Cells, by Dora Pete. www.sxc.hu

Cells. © Dora Pete. www.sxc.hu

Everyone uses teleological language – the language of purpose – even when it doesn’t seem to make rational sense. We ascribe motives to everyday processes, so the car won’t start because I don’t want to go to the dentist, your little brother fell down the hole because he was bad yesterday, and the ball keeps rolling away because the dog wants to play with it. We also tend to ascribe purpose to biological processes, so flowers grow because we enjoy them, and the DNA code came into existence in order that life can develop on earth – you might check yourself after saying or thinking such things, but we all think them. A recently study* showed that scientists are naturally ‘promiscuously teleological’, but  the current thinking in science is that we shouldn’t use teleological language. The world is the way it is by chance and not by design.

Last month, biologist Harvey McMahon spoke at the Faraday Institute on ‘Teleology and Biology: Friends, Foes, Mutually Exclusive or Complementary?’ McMahon and the members of his research group investigate the curvature of membranes, looking at how the physical shape of cells and their membrane bound ‘organelles’ is suited to function. In his seminar he argued, in a humorous but direct way, that biological language is not pure: it uses language from many fields in the attempt to understand itself. Stripping teleology from our language dehumanises biology, and science suffers for it.

McMahon began his seminar by explaining that biology and teleology seem to be going in different directions. Teleology is about purpose and is a philosophical concept. If something is designed, there was a prior knowledge of what it was for, and perhaps some sort of blueprint. Biology, on the other hand, is about mechanisms and things that are testable by experiment. Naturalistic principles state that there was no prior knowledge of the purpose of any organism, but every living thing evolved within a particular set of constraints.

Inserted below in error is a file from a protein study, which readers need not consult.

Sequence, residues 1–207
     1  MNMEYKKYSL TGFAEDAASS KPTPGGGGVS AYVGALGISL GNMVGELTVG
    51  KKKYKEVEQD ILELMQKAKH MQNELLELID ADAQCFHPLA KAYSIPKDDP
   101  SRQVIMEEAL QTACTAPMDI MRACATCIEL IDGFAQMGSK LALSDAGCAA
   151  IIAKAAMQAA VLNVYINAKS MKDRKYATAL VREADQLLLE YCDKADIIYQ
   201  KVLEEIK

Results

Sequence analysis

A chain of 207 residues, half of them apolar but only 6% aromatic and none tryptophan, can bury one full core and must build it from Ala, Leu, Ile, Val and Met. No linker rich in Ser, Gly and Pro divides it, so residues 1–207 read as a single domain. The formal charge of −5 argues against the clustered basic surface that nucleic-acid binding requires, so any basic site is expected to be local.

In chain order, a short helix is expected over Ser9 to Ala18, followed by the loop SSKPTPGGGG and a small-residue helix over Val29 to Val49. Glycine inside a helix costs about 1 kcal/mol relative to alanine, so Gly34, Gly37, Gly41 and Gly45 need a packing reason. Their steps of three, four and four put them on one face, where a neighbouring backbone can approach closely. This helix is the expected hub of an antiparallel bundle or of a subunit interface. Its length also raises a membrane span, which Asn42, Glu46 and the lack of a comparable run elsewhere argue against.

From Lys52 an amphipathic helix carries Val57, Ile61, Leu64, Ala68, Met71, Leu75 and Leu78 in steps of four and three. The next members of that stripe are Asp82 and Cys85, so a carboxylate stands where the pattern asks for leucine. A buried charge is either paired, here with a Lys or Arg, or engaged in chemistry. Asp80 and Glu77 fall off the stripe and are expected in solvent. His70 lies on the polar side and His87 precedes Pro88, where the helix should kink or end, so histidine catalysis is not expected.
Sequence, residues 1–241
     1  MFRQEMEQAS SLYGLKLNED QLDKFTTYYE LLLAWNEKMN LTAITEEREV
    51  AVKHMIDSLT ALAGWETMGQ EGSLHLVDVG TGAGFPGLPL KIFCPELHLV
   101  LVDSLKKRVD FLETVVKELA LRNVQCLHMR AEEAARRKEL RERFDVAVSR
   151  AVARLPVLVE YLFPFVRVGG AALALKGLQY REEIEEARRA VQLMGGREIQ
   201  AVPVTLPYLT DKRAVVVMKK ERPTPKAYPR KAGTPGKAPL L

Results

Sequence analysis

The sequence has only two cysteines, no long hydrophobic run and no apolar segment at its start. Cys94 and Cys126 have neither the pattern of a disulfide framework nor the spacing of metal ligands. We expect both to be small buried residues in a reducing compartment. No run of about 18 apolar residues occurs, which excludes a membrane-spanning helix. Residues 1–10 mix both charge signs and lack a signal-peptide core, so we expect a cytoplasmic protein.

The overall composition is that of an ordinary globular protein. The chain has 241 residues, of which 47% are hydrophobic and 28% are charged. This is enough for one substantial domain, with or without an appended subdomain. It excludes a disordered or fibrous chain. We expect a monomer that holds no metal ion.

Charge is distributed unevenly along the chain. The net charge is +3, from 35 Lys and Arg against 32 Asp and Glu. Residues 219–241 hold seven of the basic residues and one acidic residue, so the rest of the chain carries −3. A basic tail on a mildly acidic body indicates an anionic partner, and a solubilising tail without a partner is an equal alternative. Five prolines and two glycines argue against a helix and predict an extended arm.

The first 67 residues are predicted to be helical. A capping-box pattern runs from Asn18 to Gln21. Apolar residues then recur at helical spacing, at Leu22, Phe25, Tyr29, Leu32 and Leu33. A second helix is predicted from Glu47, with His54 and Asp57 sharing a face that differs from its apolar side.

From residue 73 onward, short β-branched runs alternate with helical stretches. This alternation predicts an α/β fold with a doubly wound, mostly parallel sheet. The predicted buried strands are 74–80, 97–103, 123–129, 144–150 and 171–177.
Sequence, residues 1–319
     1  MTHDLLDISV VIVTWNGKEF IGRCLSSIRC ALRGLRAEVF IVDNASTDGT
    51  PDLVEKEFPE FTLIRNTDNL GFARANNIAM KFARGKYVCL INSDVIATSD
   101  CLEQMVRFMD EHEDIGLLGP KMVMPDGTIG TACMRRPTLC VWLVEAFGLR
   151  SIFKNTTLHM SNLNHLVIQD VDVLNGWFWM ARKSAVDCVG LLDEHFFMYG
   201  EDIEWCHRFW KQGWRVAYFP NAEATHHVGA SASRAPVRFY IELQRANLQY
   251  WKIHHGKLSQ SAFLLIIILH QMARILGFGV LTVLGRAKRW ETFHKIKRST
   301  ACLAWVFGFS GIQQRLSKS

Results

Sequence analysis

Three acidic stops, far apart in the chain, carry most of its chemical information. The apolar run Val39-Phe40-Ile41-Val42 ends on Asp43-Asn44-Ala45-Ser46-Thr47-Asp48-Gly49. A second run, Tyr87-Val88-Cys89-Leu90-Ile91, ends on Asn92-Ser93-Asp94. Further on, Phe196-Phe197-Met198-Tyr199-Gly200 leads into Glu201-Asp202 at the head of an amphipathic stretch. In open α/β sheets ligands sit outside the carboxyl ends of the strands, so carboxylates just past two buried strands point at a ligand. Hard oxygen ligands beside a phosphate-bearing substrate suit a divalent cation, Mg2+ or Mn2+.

Despite appearances there is some overlap between teleology and biology. Teleological language is used in biology, despite the best efforts of journal editors. Perhaps there is also a partial overlap in terms of function. Every biological entity has a function that is gained from relationship with its surroundings. Organisms without a function – or purpose – don’t make it through selection. Also discoveries in biology often have strong teleological implications. I think here McMahon was implying that at some point down the line, what biologists find usually has an effect on the way we live. We ourselves gain significance from a sense of order and purpose, and naturalistic mechanisms fit within the overall design and purpose that we see in life.

The purely mechanistic and reductionist view of life that is presented by some scientists has the consequences of isolating it from the totality of life, rather than integrating it. The view that we are simply the consequences of our genes or that given enough information we could be programmed to act in the way we do, isolates the physical world from the totality of meaning. This isolation results in a breakdown of integration. For example, the moral boundaries around our science become blurred and either have to be imposed from outside or in some cases do not exist. What McMahon suggested should be the case is that science should develop in relationship with other aspects of the cosmos, and this will impact on our human relationships, our sense of significance and our well-being.

A number of philosophers also have a problem with isolating parts of life, instead of looking at things as a whole. For example, take the supposed neutrality of science with respect to ethics and politics. Individual scientists are not neutral, so is science neutral? Who we are and what we do are very tightly linked. McMahon also used an example from his own work, where theoretical and experimental biologists work in such separate spheres that they don’t always understand each other, and are at times unable to see the value or relevance of each other’s work.

Science critiques everything that it is capable of exploring, and we can become boxed in by that thinking. In the end there’s very little left to rely on, and we’re only able to fully understand very small and tightly defined parts of biological systems. If this were the only way of thinking about the whole then we would have reductio ad absurdum. McMahon argued that there is a need to emerge from fine focus and allow space for other ways of thinking.

Language acts as a lens or metaphor. Neurobiologists often use the language of computer technology in neurobiology. Switches and central processing units are convenient analogies for nerves and the brain. Does this language limit exploration? Yes to some extent, because neurons are not switches, and the brain is not a computer. Analogies have limits. McMahon suggested that the language of evolution might at times hinder, and the language of teleology might help discovery. Looking through a lens is a necessary part of any intellectual endeavour, but we may need more than one lens in our toolkit.